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Agnico Eagle Mines CEO Sean Boyd in the gold mining companies' Toronto head office on Dec. 19, 2019.

J.P. MOCZULSKI/The Globe and Mail

Sean Boyd, the chief executive officer of Agnico Eagle Mines Ltd. , is calling for far more factory-based testing for COVID-19, a strategy he says has kept both cases and employee deaths from the virus at bay for the big Canadian miner since the start of the pandemic.

More than a year ago, the Toronto-based gold miner started screening employees of its Nunavut gold mines for COVID-19 using its own testing equipment. Workers who fly in from Quebec aren’t allowed to board planes until their results, which typically take about three hours to come back, test negative. Agnico has similar protocols in place at its operations in Mexico and Finland. Agnico, which employs 12,000 people, currently has only 22 active cases of the virus. Since the start of the pandemic, two of its workers, both in Mexico, have died of the disease.

“I look at some of these big employers in Canada that have these big factories, or big buildings where there’s hundreds of people working in there, and for the life of me I don’t understand why there wasn’t a requirement that they’re testing these employees as they go in there,” Mr. Boyd said in an interview. “If you really want to make it work, you can make it work. There’s a cost. We’re paying for it, and we’re happy to pay for it.”

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Early in the pandemic, government-mandated shutdowns forced the closing of seven of eight of Agnico’s mines. Thirteen months on, the picture is considerably brighter with its operations near full steam, and the company even considering bringing its Inuit work force in Nunavut back to work. In March of last year, Agnico sent its Inuit employees home with 75-per-cent pay to reduce the chance of the virus spreading to the Indigenous community. The risk was deemed particularly acute because of the lack of access to large hospitals in the territory, and because many Inuit live in close quarters.

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Agnico on Thursday reported a net profit of US$136-million in the quarter, compared with a US$21.5-million loss in the same quarter last year. On an adjusted basis, the company reported a profit of 67 US cents a share, eight cents a share better than analysts surveyed by Refinitiv were expecting.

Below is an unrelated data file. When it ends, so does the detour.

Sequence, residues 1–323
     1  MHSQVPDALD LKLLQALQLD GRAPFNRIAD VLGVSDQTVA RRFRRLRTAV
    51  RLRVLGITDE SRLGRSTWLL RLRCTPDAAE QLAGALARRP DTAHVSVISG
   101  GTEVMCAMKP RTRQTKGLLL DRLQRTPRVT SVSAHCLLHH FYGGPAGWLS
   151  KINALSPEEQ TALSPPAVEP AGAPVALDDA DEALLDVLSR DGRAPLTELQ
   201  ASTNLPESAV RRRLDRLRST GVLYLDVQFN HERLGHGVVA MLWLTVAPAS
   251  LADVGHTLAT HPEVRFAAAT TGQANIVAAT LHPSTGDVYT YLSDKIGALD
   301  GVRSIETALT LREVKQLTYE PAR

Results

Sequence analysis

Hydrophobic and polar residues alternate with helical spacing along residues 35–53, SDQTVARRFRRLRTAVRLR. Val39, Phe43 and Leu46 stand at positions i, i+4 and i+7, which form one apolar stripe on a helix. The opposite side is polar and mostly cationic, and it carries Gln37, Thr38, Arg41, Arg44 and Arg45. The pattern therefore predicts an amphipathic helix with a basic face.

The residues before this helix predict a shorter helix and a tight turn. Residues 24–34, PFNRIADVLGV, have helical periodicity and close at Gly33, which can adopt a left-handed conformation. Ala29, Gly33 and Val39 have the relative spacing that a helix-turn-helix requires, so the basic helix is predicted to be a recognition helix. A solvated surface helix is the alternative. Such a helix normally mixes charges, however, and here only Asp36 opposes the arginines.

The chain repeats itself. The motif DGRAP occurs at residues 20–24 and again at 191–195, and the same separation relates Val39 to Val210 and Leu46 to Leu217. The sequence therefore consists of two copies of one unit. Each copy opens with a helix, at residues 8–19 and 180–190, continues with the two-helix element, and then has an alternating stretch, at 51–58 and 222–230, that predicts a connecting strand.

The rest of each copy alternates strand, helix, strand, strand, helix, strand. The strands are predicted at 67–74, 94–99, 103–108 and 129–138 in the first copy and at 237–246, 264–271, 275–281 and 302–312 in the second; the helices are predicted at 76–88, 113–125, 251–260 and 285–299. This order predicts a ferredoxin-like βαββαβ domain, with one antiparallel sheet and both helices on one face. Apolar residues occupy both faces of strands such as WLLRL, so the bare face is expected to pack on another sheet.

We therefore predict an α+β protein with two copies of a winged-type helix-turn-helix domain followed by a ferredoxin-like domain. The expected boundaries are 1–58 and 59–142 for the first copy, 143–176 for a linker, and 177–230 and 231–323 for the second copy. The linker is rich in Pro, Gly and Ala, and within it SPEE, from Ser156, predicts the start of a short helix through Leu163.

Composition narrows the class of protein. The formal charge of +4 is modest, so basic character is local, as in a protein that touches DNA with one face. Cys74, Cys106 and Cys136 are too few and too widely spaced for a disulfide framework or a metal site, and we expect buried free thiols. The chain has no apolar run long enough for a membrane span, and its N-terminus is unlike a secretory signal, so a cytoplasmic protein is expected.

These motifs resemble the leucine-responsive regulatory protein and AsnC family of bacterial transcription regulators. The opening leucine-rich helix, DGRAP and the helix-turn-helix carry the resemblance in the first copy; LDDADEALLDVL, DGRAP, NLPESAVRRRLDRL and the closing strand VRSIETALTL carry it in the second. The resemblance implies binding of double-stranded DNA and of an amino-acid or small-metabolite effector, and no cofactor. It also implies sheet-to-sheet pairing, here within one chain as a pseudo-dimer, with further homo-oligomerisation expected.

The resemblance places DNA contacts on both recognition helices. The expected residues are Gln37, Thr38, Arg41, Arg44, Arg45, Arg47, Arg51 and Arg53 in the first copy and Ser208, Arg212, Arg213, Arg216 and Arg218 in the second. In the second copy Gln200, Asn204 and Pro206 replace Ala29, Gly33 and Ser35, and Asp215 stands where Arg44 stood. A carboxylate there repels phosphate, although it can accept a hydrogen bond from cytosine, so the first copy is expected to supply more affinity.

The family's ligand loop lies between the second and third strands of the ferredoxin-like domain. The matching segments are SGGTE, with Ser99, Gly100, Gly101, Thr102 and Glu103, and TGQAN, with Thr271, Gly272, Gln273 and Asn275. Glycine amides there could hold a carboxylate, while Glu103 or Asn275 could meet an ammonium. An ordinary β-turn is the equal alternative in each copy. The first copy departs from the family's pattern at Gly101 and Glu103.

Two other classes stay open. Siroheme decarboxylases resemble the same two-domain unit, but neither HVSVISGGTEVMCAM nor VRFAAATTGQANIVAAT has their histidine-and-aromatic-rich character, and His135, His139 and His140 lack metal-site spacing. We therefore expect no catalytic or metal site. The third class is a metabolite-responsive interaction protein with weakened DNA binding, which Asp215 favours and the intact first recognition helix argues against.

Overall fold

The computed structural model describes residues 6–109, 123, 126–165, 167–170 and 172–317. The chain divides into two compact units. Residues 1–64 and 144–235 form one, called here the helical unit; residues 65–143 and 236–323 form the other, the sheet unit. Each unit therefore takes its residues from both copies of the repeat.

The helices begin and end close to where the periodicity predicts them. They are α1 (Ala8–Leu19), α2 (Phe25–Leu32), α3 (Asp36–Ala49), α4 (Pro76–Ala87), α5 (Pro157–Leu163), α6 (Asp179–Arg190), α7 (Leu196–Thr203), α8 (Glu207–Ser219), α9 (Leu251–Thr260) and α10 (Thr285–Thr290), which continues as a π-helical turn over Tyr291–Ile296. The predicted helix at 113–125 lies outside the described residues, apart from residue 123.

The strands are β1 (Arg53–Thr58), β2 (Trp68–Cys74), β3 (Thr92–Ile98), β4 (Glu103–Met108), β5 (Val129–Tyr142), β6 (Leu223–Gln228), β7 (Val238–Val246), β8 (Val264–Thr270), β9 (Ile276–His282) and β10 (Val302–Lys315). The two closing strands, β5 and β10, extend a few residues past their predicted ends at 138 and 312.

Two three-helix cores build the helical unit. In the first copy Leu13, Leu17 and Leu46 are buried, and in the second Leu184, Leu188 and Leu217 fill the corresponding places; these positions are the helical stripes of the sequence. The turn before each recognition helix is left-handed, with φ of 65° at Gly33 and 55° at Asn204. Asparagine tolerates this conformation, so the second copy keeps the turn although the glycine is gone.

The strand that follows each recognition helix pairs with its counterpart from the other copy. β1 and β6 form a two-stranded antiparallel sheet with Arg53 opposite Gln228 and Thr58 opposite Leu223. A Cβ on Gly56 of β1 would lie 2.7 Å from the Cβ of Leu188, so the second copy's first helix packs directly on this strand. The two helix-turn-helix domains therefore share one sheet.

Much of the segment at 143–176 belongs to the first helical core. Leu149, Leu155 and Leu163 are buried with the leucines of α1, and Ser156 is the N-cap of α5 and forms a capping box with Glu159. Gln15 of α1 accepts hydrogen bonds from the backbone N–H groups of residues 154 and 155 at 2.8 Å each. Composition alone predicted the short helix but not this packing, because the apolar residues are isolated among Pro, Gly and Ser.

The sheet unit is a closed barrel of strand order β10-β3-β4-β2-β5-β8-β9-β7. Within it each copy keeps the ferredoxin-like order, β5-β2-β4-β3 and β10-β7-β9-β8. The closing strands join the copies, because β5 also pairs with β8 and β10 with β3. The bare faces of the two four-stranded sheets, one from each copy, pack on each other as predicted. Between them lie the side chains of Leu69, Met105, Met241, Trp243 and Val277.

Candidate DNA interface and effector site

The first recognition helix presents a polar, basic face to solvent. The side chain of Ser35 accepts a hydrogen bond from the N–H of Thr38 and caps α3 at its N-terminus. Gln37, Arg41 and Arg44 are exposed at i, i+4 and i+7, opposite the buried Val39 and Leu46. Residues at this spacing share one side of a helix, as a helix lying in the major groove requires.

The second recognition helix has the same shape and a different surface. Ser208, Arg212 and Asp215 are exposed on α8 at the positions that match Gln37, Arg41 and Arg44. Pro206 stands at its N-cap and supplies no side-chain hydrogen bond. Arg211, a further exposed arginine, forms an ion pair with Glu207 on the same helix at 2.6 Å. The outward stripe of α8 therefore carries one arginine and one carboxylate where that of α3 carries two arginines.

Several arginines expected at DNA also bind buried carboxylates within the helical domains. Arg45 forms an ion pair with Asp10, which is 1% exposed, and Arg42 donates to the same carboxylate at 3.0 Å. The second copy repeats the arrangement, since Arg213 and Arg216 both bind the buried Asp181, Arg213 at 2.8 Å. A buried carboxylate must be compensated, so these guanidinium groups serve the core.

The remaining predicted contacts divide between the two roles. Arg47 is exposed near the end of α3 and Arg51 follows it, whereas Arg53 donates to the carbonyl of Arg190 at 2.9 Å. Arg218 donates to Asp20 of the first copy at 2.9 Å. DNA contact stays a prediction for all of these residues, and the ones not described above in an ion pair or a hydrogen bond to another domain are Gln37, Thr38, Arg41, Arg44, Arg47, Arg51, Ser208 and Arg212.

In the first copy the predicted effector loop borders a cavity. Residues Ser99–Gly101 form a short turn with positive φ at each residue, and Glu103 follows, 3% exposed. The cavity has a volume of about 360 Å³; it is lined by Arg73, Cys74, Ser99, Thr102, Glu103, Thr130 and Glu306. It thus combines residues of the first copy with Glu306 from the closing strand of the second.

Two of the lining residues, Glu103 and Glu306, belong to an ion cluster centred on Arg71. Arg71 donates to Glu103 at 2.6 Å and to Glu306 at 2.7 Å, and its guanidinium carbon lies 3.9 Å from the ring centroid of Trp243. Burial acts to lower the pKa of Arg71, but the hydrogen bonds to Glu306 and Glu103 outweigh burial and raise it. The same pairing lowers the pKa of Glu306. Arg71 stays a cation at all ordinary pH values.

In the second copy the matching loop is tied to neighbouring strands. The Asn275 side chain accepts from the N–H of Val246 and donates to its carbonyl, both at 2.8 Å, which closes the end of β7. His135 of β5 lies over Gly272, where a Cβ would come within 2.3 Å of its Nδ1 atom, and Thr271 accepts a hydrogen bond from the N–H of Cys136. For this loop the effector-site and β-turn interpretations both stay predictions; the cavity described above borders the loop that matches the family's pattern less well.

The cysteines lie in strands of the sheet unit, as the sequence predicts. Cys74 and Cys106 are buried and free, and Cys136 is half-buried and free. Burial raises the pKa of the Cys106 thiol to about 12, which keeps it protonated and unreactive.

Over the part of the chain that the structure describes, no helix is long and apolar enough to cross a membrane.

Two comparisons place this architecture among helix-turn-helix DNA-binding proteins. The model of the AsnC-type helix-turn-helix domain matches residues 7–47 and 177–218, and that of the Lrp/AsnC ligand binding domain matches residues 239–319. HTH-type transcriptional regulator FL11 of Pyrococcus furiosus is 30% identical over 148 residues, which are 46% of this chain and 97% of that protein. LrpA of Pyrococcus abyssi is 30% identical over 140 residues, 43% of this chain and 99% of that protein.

Dominique Girard, senior vice-president of operations, Canada and Europe, said in an earnings conference call with analysts on Friday that public hearings in Nunavut over the company’s application to build a new water discharge pipeline have been delayed because of elevated COVID cases in the territory. Agnico currently trucks salt water it encounters underground at the Meliadine mine to Melvin Bay, near Rankin Inlet. Agnico believes an underground pipeline, which would cost the company about $35-million to build, is a more efficient method of transporting the water, and would eliminate the dust whipped up by the trucks.

Separately, Agnico said in its earning release that it expects in June to be given the go-ahead from the Nunavut water board to increase the amount of mineral-heavy water from rain and snow accumulation it discharges from Meliadine into a nearby lake. Agnico had originally wanted to increase the maximum mineral concentration limits in the water by about 3½ times higher that it was previously allowed. At the request of Environment and Climate Change Canada, the company agreed to reduce the magnitude of its proposed increase.

Even as the COVID cloud begins to clear, Agnico faces fresh challenges, not least of all a falling commodity price. Since hitting an all-time high in August of last year of US$2,050 an ounce, the price of gold has fallen by 14 per cent. Agnico, like many other large miners, has seen its share price correct as well in the interim.

“There’s not much we can do about it,” Mr. Boyd said about the price of bullion, “other than just focus on the underlying quality of the business and keep the risk level low.”

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